Montana Ethic Project: Big changes in store for education

Shanley

Joey and Libby Early

James Shanley, a former president of Fort Peck Community College, talks about the huge changes he sees in the future of education.

This is the 23nd chapter of the 32-part video series “The Montana Ethic Project.” This chapter features James Shanley, the retired president of Fort Peck Community College and a former president of the American Indian Higher Education Consortium, discussing the subject of “Education Reform.” You can watch the whole video below. Here is an edited transcript of how it begins:

“I entitled this talk, ‘Humpty Dumpty: The Future of Education.’

“We all know that all the king’s horses and all the king’s men could not put Humpty Dumpty back together again. My observations are that the educational system in the United States is very much like Humpty Dumpty. Because of this we are going to see dramatic transformations in the current K-12 and higher education systems.”

Here is another, edited excerpt from Shanley’s presentation:

“What is necessary in order to educate a person, to give them problem solving abilities, concept solving capabilities, to build the whole mental framework that will move them forward in the future? Education hasn’t figured that out yet. Even though we have the most scientific data on how a human being learns, how a brain and our body functions on one hand, we still haven’t found a way to combine this data with our medieval system of higher education on the other. Both decks haven’t been shuffled together. This is going to cause a tremendous rift when it is shuffled because there are so many different stakeholders who have a piece of the present system who don’t want to see it changed.

“If you’ve been teaching for 25 or 30 years, on tenure, looking to cruise your last 10 years to retirement, you certainly don’t want to see this system changed!

“So I don’t know if there is a way that we can prevent Humpty from cracking. And perhaps we shouldn’t. Our culture and our information processes are changing so fast that they may push ol’ Humpty off the wall whether we want them to or not. But we need to start discussing possible solutions.”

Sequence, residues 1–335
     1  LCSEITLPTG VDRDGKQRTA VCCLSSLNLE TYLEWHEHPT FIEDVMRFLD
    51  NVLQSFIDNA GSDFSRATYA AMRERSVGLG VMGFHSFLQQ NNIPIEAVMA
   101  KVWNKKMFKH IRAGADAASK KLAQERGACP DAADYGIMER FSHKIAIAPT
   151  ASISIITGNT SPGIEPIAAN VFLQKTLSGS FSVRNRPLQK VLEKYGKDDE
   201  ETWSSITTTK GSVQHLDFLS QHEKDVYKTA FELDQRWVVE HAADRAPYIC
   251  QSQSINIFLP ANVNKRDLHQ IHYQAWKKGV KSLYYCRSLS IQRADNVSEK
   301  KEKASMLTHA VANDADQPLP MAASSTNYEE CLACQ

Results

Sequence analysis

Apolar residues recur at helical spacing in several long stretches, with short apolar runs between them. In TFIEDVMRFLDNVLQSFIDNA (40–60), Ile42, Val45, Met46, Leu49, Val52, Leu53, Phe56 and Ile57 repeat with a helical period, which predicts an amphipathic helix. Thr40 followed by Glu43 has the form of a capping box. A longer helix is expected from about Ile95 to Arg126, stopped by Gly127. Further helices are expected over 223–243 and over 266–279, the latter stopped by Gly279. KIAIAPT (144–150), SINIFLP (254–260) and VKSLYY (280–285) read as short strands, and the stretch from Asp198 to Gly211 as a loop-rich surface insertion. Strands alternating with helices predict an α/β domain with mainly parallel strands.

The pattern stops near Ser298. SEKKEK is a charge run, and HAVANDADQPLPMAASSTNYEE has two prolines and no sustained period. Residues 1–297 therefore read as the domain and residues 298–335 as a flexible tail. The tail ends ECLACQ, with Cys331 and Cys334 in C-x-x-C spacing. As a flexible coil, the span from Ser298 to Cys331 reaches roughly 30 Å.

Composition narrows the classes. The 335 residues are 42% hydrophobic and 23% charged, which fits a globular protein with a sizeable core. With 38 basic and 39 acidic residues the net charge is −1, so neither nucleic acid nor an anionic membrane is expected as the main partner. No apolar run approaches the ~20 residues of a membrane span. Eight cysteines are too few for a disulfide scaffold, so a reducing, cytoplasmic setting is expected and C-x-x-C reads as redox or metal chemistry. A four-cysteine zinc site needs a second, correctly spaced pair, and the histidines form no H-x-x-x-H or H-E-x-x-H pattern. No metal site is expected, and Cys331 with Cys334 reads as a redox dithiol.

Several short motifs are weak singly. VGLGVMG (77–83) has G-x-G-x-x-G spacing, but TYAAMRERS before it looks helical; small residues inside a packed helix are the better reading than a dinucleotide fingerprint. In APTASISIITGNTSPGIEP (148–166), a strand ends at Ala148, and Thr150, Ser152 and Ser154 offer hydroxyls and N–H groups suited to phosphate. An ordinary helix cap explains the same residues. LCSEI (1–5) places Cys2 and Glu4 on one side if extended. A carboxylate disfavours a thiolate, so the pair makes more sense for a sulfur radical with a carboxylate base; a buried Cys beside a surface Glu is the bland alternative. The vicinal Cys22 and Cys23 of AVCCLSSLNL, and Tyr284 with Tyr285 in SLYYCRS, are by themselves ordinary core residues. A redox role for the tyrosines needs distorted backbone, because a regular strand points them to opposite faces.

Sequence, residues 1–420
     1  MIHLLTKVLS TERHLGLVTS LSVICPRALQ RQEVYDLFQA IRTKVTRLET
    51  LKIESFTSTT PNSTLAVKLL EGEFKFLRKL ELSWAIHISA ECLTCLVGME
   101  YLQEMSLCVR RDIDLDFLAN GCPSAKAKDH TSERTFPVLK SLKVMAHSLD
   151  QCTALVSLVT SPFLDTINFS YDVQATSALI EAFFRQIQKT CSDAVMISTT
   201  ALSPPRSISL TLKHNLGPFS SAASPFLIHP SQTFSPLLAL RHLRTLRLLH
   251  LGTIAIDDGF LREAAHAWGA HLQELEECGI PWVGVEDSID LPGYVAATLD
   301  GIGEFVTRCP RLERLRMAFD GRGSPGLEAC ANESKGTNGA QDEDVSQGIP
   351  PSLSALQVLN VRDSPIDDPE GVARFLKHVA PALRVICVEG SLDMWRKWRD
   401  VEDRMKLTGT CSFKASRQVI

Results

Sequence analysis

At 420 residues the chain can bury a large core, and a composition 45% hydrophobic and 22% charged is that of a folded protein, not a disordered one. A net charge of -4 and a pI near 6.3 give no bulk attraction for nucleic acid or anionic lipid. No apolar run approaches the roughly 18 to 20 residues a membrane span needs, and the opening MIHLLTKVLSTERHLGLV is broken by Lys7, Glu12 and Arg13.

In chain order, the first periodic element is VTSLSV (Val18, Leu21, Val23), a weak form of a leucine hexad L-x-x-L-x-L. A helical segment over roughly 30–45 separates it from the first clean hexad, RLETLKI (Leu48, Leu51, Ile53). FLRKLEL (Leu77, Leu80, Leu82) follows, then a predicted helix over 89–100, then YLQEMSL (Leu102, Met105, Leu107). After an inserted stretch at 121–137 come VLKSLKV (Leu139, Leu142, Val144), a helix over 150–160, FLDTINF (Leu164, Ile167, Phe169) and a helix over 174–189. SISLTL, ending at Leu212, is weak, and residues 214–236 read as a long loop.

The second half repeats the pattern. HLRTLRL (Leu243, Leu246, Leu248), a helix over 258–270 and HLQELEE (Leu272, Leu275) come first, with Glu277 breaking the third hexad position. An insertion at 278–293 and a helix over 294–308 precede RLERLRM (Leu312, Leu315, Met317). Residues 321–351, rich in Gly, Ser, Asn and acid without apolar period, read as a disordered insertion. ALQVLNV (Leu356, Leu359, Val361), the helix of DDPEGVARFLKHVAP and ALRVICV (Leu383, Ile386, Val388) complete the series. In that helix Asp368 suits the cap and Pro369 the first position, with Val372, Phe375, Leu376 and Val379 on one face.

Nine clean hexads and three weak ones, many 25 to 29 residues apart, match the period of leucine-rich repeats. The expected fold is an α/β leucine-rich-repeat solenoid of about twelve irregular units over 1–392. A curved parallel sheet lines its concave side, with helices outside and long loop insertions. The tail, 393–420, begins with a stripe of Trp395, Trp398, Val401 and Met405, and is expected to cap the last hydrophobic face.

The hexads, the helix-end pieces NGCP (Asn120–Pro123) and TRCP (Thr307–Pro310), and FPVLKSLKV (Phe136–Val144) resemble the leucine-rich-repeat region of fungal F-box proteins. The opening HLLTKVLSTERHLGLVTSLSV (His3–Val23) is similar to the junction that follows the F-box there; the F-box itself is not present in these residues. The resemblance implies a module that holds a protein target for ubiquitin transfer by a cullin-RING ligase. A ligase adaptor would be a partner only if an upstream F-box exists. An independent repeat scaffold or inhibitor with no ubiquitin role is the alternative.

PERC_Logo_MontanaEthicPERC—the Property & Environment Research Center—is a proud sponsor of the Montana Ethic Project. To learn how PERC’s ideas can help us honor one another’s rights to land, water, and wildlife,visit perc.org.

First week: Project introduction.

Second week: Richard Drake on “Terrorism and the Consolation of History.”

Third week: Mike Gear on “The Value of Athletics.”

Fourth week: Franke Wilmer on “Gender Equity.”

Fifth week: Gordon Brittan on “The Founding Fathers.”

Sixth week: Jim Posewitz on “Montana Sportsmen and the Hunter’s Ethic.”

Seventh week: The Rev. Jessica Crist on “Religion and Politics: Can They Co-exist?”

Eighth week: Chuck Tooley on “The Montana Character.”

Ninth week: Steve Bullock on “Citizens United v. Montana.”

10th week: Carol Williams on “The Imperative for Female Government Participation.”

11th week: Bob Rowe on Technological Development.”

12th weekGeorge Metcalfe on “Economic Development in Africa and Its Relationship to Montana.”

13th weekBruce Smith on “Montana’s Food Economy.”

14th week: Peggy Beltrone on “Montana Wind Energy—Business and Politics.”

15th week: Mark Solon on “Creating an Intermountain West Startup Economy.”

16th week: Bill Yellowtail on “Futuring and Native Leadership.”

17th week: Judy Martz on “Trust in the Lord and He Will Direct Your Path.”

18th week: Bob Brown on “Teddy Roosevelt’s Shadow in Montana’s Big Sky.”

19th week: Gordon Belcourt on “A Montana Native Perspective.”

20th week: Dorothy Eck on “The Montana Constitution and the Right to Know.”

21st week: Pat Barkey on “The Montana Wage Disparity.”

22nd week: Thomas Power on “Valuing Montana: An Economist’s Observations.”

23rd week: Larry Simkins on “The Culture of Safety.”

Next week: Greg Gianforte on “High Tech in Montana.”

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